concerning the proposed tuition increase.
■ Despite considerable student protest, the University's Board of
trustees approves a five-year plan to raise tuition $1,500 to fund higher
faa% salaries.
November 1999
■ N.C. State University Chancellor Marye Anne Fox announces she will
also seek a tuition increase te fund student services. The N.C. State BOT
approves the increase.
■ Students protest the BOG meeting where the system's faculty
salaries study is released. The BOG estimates a much smaller need to
make faculty salaries competitive.
■ UNC-Wilmington also proposes a tuition increase to fund higher
employee salaries.
December 1999
■ UNC-Charlotte and East Carolina University propose tuition increases
for faculty salaries.
■ The Board of Governors host a forum to hear student concerns
about the increase.
January 2000
■ Broad proposes a $275 increase at all 16 system schools over three
years. She also recommends a one-year, S2OO tuition increase at UNC-
Chapel Hill and N.C. State University to address faculty salary needs.
SOUK: DTII ARCHIVES DTH/MEGAN SHARKEY
chancellor Elson Floyd, who is now president
of Western Michigan University.
Others on the list were Carol Christ, exec
utive vice chancellor and provost at the
University of California-Berkeley and
Andrew Sorenson, president of the University
See SEARCH, Page 4
Police Seek Suspects
In Holiday Shooting
By Kathryn McLamb
Staff Writer
Local police investigators are still
searching for clues in a murder that
occurred al an Orange Water and Sewer
Authority plant more than a week ago.
On New Year’s Day, Michael
Gregory Crosby, 2), of Raleigh was
found dead at the wastewater treatment
plant on Mason Farm Road.
The body was found by a construc
tion worker at the OWASA plant at
approximately 11:09 a.m.
“Investigators have been following
up on leads, interviewing people and
will continue to do so,” Chapel Hill
police spokeswoman Jane Cousins said.
Evidence found at the scene of the
crime indicated Crosby was murdered
at the OWASA plant by a fatal gunshot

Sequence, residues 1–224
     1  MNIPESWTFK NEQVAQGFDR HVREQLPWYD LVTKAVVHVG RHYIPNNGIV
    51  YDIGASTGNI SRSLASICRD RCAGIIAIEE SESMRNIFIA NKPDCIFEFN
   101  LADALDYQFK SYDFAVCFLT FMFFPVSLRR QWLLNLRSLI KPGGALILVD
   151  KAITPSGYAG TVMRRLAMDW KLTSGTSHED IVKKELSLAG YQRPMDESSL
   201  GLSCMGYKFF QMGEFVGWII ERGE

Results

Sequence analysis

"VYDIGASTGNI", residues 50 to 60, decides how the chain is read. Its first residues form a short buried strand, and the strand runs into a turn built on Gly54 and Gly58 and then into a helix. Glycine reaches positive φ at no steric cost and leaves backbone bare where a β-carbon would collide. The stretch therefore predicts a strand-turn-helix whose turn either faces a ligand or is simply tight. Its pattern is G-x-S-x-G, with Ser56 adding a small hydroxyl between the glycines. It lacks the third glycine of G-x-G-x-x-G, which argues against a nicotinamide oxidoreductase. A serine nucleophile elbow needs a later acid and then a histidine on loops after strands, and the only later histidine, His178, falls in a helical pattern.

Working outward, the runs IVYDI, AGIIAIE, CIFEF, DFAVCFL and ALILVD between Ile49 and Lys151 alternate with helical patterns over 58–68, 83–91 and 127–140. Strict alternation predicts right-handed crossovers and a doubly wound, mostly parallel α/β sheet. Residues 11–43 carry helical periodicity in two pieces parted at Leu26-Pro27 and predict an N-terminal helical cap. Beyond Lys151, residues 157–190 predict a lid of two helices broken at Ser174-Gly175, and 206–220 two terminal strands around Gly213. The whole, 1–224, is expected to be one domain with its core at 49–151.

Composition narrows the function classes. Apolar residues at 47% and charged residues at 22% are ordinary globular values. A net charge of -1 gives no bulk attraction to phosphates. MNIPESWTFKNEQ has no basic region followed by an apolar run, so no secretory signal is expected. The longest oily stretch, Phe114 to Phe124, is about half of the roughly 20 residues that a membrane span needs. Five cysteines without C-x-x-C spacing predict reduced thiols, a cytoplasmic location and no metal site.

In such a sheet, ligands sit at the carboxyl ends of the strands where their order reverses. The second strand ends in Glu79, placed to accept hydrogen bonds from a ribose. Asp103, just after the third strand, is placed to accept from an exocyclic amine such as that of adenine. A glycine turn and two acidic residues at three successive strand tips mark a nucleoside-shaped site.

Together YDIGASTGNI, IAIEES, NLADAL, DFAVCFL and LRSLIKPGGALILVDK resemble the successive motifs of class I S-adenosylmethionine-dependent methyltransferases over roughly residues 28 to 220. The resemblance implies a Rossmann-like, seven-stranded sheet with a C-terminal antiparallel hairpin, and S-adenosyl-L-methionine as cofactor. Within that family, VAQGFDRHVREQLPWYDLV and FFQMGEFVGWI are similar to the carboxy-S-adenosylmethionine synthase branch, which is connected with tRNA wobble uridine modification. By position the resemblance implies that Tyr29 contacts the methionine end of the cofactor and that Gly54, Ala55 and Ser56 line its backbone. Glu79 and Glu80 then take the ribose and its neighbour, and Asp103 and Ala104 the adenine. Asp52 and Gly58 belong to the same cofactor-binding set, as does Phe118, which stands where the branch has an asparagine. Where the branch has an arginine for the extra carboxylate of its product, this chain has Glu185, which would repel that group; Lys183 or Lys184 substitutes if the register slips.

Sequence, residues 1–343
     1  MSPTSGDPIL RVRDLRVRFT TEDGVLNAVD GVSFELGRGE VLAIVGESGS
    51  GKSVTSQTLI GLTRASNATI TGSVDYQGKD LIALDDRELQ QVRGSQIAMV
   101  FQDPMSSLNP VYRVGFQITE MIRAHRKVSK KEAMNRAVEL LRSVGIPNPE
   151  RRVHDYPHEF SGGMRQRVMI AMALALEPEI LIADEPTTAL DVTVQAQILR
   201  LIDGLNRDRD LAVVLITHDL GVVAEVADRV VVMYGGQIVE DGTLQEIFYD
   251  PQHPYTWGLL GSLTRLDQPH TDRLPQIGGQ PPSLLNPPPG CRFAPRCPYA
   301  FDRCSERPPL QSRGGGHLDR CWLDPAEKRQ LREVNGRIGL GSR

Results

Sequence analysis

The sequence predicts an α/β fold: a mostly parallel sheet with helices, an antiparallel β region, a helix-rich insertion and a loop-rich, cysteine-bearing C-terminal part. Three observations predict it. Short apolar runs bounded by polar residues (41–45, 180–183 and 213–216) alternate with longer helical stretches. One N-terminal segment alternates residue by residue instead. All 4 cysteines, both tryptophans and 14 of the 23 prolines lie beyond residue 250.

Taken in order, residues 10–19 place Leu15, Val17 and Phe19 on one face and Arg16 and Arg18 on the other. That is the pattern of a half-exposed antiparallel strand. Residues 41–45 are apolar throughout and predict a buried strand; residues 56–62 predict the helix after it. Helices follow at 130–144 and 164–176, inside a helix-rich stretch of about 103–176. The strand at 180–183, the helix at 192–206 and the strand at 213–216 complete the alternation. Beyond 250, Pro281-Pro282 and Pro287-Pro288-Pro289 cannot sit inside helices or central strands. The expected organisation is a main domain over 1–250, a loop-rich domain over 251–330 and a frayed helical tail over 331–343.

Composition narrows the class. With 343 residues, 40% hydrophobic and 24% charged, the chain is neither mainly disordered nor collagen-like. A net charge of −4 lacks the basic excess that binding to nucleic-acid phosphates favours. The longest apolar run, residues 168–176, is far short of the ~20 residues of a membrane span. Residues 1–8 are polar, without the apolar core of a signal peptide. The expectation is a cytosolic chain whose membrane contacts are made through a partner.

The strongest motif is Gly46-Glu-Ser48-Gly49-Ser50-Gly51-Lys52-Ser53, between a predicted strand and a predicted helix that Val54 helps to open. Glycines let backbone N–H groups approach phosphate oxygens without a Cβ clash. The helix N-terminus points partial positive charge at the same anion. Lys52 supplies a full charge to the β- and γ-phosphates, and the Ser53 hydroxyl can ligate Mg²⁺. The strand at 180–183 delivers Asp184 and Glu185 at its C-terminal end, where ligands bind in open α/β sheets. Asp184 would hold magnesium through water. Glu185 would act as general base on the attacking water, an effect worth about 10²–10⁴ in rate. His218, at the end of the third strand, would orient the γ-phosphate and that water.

wound. However, police would not
release any information about the
details of the case and would not con
firm reports that the gunshot was to
Crosby’s head.
“There is a limited amount of infor
Congress Offers
Aid to Students
Affected by Flood
N.C. college students whose families were
hit by Hurricane Floyd can now apply for
federal financial aid through Jan. 21.
By Colrtney Obringer
Staff Writer
North Carolina college students with families suffering
financial devastation from Hurricane Floyd’s wrath might be
now able to tap additional hurricane relief funds.
Congress’ House Appropriations Committee allotted $lO
million in emergency student aid to families affected by
Hurricane Floyd on Tuesday, in an attempt to keep flood vic
tims enrolled in college.
To obtain funding, each university’s financial aid office must
gauge the magnitude of the school’s need. Student aid offices
must then complete a form by Jan. 21 that will determine how
federal funds will be distributed.
Students will receive the aid in the form of Federal
Supplemental Educational Opportunity Grants, a type of fund
ing that does not have to be repaid to the government.
Thomas Bates, spokesman for Rep. David Price, D-N.C., a
member of the appropriations committee, emphasized the
importance of helping North Carolina students stay in college.
“The bulk of the money will probably go to eastern North
Carolina because they had the most devastation,” he said.
Bates said universities were currently calculating their esti